Rising to revolt
If the state and central governments have indeed decided to continue being the custodians of one nation, they cannot shirk their responsibilities.india Updated: Jul 10, 2007 20:35 IST
Society works according to the same principle as nature: it abhors a vacuum. And there are large tracts of India from where the State has either vanished or is in such a state of disrepair that the infrastructure of civil society has to be propped up by others — or hijacked by them. That is the daunting tale of insurgency in India that this paper is tracking in the ongoing series, ‘India Besieged’. There is one picture that emerges by scanning the country when it comes to following the thread of insurgency. Whether in Chattisgarh, Jammu and Kashmir, Jharkhand, Andhra Pradesh, Orissa, Nagaland or Manipur, there is no invisible hand or autopilot when it comes to providing people amenities, infrastructure and a living. It is the State’s failure to provide all this, and the cynicism that comes with being an ‘absentee landlord’ that has led to terrorists not only gaining ground but also hearts. Worse still, governments are using insurgencies as an excuse to avoid doing what they should have in the first place.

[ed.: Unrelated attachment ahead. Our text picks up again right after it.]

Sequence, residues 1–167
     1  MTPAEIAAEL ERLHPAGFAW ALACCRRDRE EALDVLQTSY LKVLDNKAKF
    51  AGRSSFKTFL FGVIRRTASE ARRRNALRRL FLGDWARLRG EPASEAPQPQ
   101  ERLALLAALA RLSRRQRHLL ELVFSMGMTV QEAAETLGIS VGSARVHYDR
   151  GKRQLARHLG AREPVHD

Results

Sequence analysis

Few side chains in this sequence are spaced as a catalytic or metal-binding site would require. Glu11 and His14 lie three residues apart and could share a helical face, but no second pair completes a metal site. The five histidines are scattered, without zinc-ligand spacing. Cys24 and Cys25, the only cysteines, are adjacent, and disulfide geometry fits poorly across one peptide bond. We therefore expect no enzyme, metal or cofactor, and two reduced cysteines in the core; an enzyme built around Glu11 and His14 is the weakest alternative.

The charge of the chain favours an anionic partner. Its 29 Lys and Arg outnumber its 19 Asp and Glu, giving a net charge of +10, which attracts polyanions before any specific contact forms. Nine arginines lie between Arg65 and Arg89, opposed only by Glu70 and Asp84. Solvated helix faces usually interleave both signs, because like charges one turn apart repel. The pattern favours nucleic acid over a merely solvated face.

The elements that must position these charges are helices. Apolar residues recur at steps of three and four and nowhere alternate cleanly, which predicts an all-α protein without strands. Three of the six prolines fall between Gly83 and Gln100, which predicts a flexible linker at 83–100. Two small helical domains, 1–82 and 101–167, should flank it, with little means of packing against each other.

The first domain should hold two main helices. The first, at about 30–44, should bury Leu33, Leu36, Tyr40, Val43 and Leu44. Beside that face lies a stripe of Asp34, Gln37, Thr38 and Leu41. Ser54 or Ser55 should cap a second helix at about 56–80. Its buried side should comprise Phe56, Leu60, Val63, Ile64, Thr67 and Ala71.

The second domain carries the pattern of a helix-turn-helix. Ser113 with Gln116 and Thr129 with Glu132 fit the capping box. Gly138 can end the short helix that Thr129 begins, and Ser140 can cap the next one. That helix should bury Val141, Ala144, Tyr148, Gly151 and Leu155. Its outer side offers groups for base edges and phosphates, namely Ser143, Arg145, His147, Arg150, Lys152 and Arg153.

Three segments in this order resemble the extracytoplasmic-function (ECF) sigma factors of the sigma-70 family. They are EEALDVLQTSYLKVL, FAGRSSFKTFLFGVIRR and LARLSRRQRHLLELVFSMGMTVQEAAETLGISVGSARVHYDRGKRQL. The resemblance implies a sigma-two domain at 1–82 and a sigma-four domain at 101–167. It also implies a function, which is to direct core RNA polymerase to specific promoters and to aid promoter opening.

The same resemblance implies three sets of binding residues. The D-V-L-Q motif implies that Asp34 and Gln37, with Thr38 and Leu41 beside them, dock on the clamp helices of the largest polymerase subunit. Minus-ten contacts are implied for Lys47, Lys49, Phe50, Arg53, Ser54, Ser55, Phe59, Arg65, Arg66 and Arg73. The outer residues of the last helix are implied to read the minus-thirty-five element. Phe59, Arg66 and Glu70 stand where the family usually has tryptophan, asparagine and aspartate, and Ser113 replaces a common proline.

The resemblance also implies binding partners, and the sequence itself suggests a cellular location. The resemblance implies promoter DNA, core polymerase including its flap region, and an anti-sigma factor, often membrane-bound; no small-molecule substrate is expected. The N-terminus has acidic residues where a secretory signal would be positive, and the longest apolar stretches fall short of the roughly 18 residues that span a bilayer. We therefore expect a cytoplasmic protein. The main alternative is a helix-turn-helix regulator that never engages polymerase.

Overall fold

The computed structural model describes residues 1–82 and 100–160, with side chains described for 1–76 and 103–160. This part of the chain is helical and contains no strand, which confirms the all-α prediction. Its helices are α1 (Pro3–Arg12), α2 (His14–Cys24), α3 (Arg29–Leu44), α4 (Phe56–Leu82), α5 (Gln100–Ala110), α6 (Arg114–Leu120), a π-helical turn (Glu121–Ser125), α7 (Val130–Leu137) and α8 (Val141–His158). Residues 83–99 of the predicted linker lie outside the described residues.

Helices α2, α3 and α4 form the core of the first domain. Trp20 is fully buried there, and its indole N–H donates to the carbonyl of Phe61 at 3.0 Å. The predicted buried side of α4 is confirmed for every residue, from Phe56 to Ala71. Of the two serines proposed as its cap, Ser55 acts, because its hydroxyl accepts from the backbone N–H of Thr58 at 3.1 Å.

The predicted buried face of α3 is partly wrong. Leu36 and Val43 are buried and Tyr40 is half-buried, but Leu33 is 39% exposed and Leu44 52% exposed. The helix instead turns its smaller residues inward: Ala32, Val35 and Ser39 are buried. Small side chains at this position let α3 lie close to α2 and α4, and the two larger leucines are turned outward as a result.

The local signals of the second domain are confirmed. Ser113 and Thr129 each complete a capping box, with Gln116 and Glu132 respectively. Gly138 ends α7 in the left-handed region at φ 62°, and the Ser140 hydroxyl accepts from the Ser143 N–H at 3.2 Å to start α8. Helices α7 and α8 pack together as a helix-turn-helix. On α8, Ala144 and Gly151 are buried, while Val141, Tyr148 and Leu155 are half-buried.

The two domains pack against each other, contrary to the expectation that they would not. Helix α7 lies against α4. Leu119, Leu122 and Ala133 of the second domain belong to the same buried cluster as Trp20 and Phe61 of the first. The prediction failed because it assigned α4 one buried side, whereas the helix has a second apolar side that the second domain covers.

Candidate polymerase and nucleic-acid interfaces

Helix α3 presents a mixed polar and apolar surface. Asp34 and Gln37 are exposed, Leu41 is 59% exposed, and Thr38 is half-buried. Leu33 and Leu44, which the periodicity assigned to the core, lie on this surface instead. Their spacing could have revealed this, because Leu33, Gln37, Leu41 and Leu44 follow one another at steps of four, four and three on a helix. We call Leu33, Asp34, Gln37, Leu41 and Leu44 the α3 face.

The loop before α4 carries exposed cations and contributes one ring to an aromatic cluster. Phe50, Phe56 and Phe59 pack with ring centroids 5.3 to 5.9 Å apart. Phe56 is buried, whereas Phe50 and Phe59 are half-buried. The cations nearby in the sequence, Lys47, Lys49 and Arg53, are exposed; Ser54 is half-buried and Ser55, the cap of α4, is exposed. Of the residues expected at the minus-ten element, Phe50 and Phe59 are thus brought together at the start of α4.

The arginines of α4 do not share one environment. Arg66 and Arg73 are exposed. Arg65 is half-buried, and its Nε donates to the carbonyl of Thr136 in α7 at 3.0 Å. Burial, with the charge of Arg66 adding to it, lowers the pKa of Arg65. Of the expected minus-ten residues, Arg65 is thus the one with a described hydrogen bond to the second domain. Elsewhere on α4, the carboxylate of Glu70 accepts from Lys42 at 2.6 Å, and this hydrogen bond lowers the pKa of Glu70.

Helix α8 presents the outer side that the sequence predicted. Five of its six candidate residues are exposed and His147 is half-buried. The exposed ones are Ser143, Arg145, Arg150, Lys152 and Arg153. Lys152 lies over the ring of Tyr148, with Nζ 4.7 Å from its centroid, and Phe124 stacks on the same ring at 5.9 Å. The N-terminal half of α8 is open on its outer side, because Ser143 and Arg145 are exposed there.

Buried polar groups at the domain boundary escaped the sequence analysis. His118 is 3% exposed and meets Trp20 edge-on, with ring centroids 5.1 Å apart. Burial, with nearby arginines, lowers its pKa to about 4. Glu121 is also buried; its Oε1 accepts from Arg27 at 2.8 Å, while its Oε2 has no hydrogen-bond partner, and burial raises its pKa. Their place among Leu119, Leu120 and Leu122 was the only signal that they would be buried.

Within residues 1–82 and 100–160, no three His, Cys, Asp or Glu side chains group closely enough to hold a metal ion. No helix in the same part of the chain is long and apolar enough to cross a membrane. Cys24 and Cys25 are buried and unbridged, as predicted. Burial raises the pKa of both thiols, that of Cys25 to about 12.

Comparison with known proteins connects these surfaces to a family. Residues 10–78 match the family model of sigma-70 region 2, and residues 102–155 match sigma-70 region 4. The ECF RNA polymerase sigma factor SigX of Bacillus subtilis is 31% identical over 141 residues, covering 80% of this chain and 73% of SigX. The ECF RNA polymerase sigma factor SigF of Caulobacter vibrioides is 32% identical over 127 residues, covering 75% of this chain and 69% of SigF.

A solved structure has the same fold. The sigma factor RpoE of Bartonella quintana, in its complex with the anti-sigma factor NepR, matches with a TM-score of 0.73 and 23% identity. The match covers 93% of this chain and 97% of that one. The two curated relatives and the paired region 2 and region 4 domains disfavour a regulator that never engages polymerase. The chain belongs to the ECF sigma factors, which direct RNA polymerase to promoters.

More than 170 million Indians live under the shadow of militancy. Parallel non-State ‘governments’ exist across states — Manipur being the ‘most failed state’ where insurgency rules the roost literally outside the Government of India’s line of vision, control or concern. It would be downright silly, if not naive, to expect an abandoned citizenry to still be sympathetic to the authorities of the Indian State, especially when, in many cases, insurgency groups double as NGOs. Certain State policies, such as the Salwa Judum in Chattisgarh that involves arming locals and making them, rather than government forces, fight the Naxals, has actually made matters worse. Despite the government digging its heels in over the matter, what it actually has done is to outsource its job — i.e. protecting people — to the people themselves.
India’s vastness provides the State with excuses. But if the state and central governments have indeed decided to continue being the custodians of one nation, they cannot shirk their responsibilities. And as the rising figures of extremism in our own backyard show — not always visible because it doesn’t paint the whole picture — the government cannot afford to treat its absence across the country with such nonchalance. There are enough enemies of the State out there to take advantage of this apathy. And they are not necessarily seen as enemies by the people they operate among.